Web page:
- Instant dev tools and space on a sandbox-type space - including a lovely autogenerated project wiki page - that come into being the moment someone decides to start a project. I should type the name of my project into a form field, hit a CREATE THIS PROJECT! button, and get a nice email guide saying "congratulations, your project has been made! and you have a wikipage here and a git repo here and can recruit others by telling them to do X..."
- which dev tools to offer is important. We can't make like sourceforge and just offer resources to code projects. In any case, that space is reasonably well-filled already. And most coders will know how to set up computing resources to make themselves a nice environment. What we need is space that accommodates non-coders as well. Art. Communities. Translations. Writers. Tiny hardware projects with PICs and AVRs. Jams. Whatever. Writing a book needs version control just as much as coding does. Artists need wikispace just as much as firmware hackers.
- TOPP (OpenPlans - Ian Bicking et. al.) would be a fan-TAStic group to work with on this. They're basically making sourceforge-like space/hosting/tools for community groups.
- Probably there should be a series of checkboxes when you create a new project when you select the kind of resources you need installed - with a few preset buttons that fill in the typical values for, say, a translation, or a content, or a community/event, or a code project, so people can be lazy.
- a clear way to, after a trial period of... say, 4 weeks - apply to move your project to the "official" repository/list of active projects. This should happen in cycles of approval once a month - you have to have been in TRIAL for at least 4 weeks prior to approval to get into ACTIVE status. this means that there's a clear deadline for people to aim at, that admin-types can batch-process new projects in, *and* that there's something cool to announce every month - "introducing our new projects..." is always a good headline. Bonus: 4 weeks is long enough to actually get something to work and test, which means we can announce real working projects - which people are more liable to jump on and contribute to than "hey, I have a cool idea" spurts.
- A requirement for moving into active project status should be that the group has something that is either testable or hackable by other users. In other words, some minimal set of documentation. So one of the litmus tests for the admin-types that approve new projects should be having the admins - or someone recruited by the admins - from outside the project actually follow those directions to see if they can use/contribute. Projects. must. be. accessible. I hate seeing projects on sourceforge that sound awesome but are basically illegible .cpp files stuffed in a directory with no instructions... they will never get used.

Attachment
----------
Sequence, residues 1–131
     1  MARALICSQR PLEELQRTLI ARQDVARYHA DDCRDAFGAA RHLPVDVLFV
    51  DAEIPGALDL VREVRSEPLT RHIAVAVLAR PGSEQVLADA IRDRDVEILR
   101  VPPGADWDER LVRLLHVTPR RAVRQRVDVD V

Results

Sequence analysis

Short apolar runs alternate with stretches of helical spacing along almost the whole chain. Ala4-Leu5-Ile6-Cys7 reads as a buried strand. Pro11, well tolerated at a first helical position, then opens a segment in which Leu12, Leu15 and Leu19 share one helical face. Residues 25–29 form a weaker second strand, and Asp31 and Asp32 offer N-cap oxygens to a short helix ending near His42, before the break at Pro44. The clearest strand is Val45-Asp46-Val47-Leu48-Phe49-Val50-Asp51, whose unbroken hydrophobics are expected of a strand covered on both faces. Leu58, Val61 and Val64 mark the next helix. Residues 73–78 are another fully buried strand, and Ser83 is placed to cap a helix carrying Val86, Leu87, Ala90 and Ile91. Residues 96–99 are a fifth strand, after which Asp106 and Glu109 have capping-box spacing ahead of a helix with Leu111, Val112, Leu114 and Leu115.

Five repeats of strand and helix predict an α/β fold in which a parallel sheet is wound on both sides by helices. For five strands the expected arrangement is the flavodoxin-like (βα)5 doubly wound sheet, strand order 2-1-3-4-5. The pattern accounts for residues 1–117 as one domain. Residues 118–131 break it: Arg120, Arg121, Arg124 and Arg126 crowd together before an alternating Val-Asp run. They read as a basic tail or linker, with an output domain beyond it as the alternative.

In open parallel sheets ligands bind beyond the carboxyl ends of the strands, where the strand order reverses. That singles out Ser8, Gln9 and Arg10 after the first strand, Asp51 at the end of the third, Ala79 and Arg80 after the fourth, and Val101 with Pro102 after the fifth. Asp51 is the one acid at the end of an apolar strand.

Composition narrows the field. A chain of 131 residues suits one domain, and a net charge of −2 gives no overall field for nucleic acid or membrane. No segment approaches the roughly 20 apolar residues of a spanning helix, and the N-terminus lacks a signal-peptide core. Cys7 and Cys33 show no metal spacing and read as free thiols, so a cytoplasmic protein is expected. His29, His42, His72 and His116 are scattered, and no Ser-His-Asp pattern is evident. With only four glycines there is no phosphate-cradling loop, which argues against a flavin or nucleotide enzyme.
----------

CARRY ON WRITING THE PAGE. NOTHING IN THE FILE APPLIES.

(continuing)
- Another requirement for moving into active project status should be that the group has prepared at least their front page for translation... possibly even gotten someone from the translations crew to do just their front page - in any language. This makes the project accessible to more people that speak that second language, jump-starts translation and encourages the formation of a truly multilingual wiki, and also means the team has to be on solid enough ground that they can get an external translator to do a page for them.
- pings to active projects every 6 months - if there's no activity or no reply, they go into ARCHIVE dormancy and are no longer on the list of active projects. you can bring a dormant project back into being active by going back through the 6-week trial & apply period. it's important to note that no data should be lost at any point - we shouldn't delete the code of crufty abandoned projects, just mark it as archived so people won't expect it to be updated soon. (so note that under this schema, projects can be either TRIAL, ACTIVE, or ARCHIVE. this keeps activation energy for starting a project low, but keeps dead wood down.)
From Nikki: "PS what does 'git' mean? and d.l.o. and mkdir? and..."
Mel: Thank you. This is exactly the kind of stuff we have to explain to people, because non-coders will be really confused when we start spouting acronyms. Let's see.
- git (and svn/cvs) are versioning systems, which let lots of people edit the same thing (usually code) at once without having their edits clash horribly. It's kind of like if the two of us were writing a paper together and decided to host it on Olin's public drive. If you wanted to work on the paper, you'd copy the file from the public drive to your laptop, open it, edit it, and copy it back into the public drive (checking to make sure I hadn't edited it while you were working - and if I had, you'd then have to merge your changes into the document in public instead of just copying it in and overwriting my work). Version control is basically an automatic way to do that.
- mkdir is the Unix command to make a directory. For instance, mkdir nikki would make a directory called nikki in whatever folder I'm currently in. The Windows equivalent is "New Folder."